The King carried the Wolf to his chamber, and shut the doors upon him fast. He delayed for a brief while, and taking two lords of his fellowship with him, came again to the room. Entering therein, all three, softly together, they found the knight sleeping in the King's bed, like a little child. The King ran swiftly to the bed and taking his friend in his arms, embraced and kissed him fondly, above a hundred times. When man's speech returned once more, he told him of his adventure. Then the King restored to his friend the fief that was stolen from him, and gave such rich gifts, moreover, as I cannot tell. As for the wife who had betrayed Bisclavaret, he bade her avoid his country, and chased her from the realm. So she went forth, she and her second lord together, to seek a more abiding city, and were no more seen.

The adventure you have heard is no vain fable. Verily and indeed it chanced as I have said. The Lay of the Were-Wolf, truly, was written that it should ever be borne in mind.



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Sep/14/2007, 1:31 pm Link to this post Send Email to MaTTsWoRld   Send PM to MaTTsWoRld Blog
 
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Re: werewolves-fact or just film nonsense


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THE BENANDANTI WEREWOLVES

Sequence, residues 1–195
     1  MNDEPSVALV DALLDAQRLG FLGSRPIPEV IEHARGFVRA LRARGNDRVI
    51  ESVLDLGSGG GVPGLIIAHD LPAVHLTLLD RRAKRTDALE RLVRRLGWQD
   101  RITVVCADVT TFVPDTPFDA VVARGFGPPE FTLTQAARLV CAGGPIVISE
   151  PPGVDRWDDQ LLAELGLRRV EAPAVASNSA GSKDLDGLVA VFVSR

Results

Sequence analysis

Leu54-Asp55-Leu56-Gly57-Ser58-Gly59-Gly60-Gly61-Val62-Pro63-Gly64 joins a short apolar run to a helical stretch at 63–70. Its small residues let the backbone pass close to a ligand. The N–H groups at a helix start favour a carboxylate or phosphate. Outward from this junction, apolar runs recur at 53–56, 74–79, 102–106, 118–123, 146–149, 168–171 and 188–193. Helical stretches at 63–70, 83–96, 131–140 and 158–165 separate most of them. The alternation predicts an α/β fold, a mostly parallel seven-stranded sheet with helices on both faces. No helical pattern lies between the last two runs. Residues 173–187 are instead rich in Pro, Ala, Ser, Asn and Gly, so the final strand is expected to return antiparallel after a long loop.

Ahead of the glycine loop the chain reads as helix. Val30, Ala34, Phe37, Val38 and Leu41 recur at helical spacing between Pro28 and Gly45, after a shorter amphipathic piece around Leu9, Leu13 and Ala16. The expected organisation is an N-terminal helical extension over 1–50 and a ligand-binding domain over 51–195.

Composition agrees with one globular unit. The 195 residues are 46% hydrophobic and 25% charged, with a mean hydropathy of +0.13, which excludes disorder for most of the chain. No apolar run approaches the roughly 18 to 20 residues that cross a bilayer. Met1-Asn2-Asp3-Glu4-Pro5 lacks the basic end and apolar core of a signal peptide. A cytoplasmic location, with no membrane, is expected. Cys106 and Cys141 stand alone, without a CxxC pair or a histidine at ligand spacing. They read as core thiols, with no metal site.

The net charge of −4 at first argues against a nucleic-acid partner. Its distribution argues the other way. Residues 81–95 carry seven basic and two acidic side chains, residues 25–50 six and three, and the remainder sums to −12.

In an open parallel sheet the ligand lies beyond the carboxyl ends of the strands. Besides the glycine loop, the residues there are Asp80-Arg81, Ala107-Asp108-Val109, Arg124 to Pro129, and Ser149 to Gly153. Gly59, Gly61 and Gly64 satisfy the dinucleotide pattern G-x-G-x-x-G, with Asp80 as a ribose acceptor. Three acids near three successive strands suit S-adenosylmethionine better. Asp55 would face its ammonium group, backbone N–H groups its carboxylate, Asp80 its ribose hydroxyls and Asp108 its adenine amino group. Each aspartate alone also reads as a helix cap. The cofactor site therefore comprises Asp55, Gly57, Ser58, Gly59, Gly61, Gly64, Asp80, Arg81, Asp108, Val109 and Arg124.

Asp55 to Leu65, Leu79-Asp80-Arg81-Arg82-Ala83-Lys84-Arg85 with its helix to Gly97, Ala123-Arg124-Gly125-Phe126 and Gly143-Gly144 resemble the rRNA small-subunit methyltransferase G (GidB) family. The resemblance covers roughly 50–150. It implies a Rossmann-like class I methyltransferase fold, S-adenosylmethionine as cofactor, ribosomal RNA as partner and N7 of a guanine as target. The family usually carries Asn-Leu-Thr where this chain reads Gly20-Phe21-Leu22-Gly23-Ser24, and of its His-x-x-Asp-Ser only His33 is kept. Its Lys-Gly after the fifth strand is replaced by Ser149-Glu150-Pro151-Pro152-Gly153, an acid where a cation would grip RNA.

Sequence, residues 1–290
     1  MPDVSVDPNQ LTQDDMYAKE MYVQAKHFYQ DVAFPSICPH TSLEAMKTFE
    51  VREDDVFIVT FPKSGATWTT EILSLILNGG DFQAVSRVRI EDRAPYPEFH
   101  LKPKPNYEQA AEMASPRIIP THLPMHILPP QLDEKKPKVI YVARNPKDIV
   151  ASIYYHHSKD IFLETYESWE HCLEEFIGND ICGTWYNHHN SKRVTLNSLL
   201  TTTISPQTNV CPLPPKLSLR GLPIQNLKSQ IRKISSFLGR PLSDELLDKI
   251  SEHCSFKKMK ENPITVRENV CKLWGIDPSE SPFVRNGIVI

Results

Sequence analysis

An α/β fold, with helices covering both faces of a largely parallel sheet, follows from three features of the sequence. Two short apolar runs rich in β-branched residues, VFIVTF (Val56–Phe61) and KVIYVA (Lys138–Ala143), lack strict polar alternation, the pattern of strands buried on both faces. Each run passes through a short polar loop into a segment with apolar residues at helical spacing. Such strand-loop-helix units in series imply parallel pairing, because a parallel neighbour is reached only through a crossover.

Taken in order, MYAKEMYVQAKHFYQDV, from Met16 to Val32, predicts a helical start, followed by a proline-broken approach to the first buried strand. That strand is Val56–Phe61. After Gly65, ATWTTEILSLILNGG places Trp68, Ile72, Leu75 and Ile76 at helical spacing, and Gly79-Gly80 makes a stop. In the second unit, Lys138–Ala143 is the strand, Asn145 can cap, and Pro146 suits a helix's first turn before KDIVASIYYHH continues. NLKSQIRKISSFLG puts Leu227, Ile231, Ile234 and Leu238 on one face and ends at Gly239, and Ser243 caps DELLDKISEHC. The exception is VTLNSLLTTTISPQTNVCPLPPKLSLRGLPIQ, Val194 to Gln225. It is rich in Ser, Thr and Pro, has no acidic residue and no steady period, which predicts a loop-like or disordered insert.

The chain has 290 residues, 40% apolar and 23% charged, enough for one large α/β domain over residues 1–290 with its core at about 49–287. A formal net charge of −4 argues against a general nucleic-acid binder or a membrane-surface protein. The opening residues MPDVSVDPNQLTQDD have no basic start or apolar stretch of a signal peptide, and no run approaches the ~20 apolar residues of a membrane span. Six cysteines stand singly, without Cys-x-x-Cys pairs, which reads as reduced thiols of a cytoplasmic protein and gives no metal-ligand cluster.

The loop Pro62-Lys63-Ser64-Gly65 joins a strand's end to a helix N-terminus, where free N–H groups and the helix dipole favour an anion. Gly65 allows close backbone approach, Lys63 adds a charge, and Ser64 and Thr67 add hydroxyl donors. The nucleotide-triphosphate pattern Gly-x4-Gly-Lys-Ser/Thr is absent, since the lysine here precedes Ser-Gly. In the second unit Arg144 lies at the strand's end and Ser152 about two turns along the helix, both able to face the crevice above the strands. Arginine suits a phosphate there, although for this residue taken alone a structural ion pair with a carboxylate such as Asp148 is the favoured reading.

One of the strangest incidences involving werewolves was that of "Benandanti" (a term roughly translated into 'good walkers,' 'those who go well' or 'good-doers') in northern Italy. In this case the werewolves were men who left their bodies and assumed the shape of wolves. After becoming wolves they descended to the underworld to battle witches.

This case was tried in 1692 in Jurgenburg, Livonia, situated in an area east of the Baltic Sea, steeped in werewolf folklore. It involved an 80-year-old man named Thiess.
Thiess confessed to being a werewolf, saying his nose had been broken by a man named Skeistan, a witch who was dead at the time he had struck Thiess. According to Thiess' testimony Skeistan and other witches was preventing the crops of the area from growing. Their purpose for doing this was so they could carry the grain into hell. To help the crop to continue to grow Thiess with a band of other werewolves descended into hell to fight the witches to recover the grain.

The warring of the werewolves and the witches occurred on three nights of the year: Saint Lucia, Pentecost and Saint John (the seasonal changes). If the werewolves were slow in their descent the witches would bar the gates of hell, and the crops, livestock, and even the fish catch would suffer. As weapons the werewolves carried iron bars while the witches used broom handles. Skeistan broke Theiss' nose with a broom handle wrapped in a horse's tail.

The judges were astounded by such testimony, for they had naturally supposed the werewolves were agents of the Devil. But now they were hearing the werewolves were fighting the Devil. When asked what became of the souls of the werewolves, Thiess said they went to heaven. He insisted werewolves were the "hounds of Gods" who helped mankind by preventing the Devil from carrying off the abundance of the earth. If it were not for them all would suffer. He said there were werewolves in Germany and Russia also fighting witches in their own hells.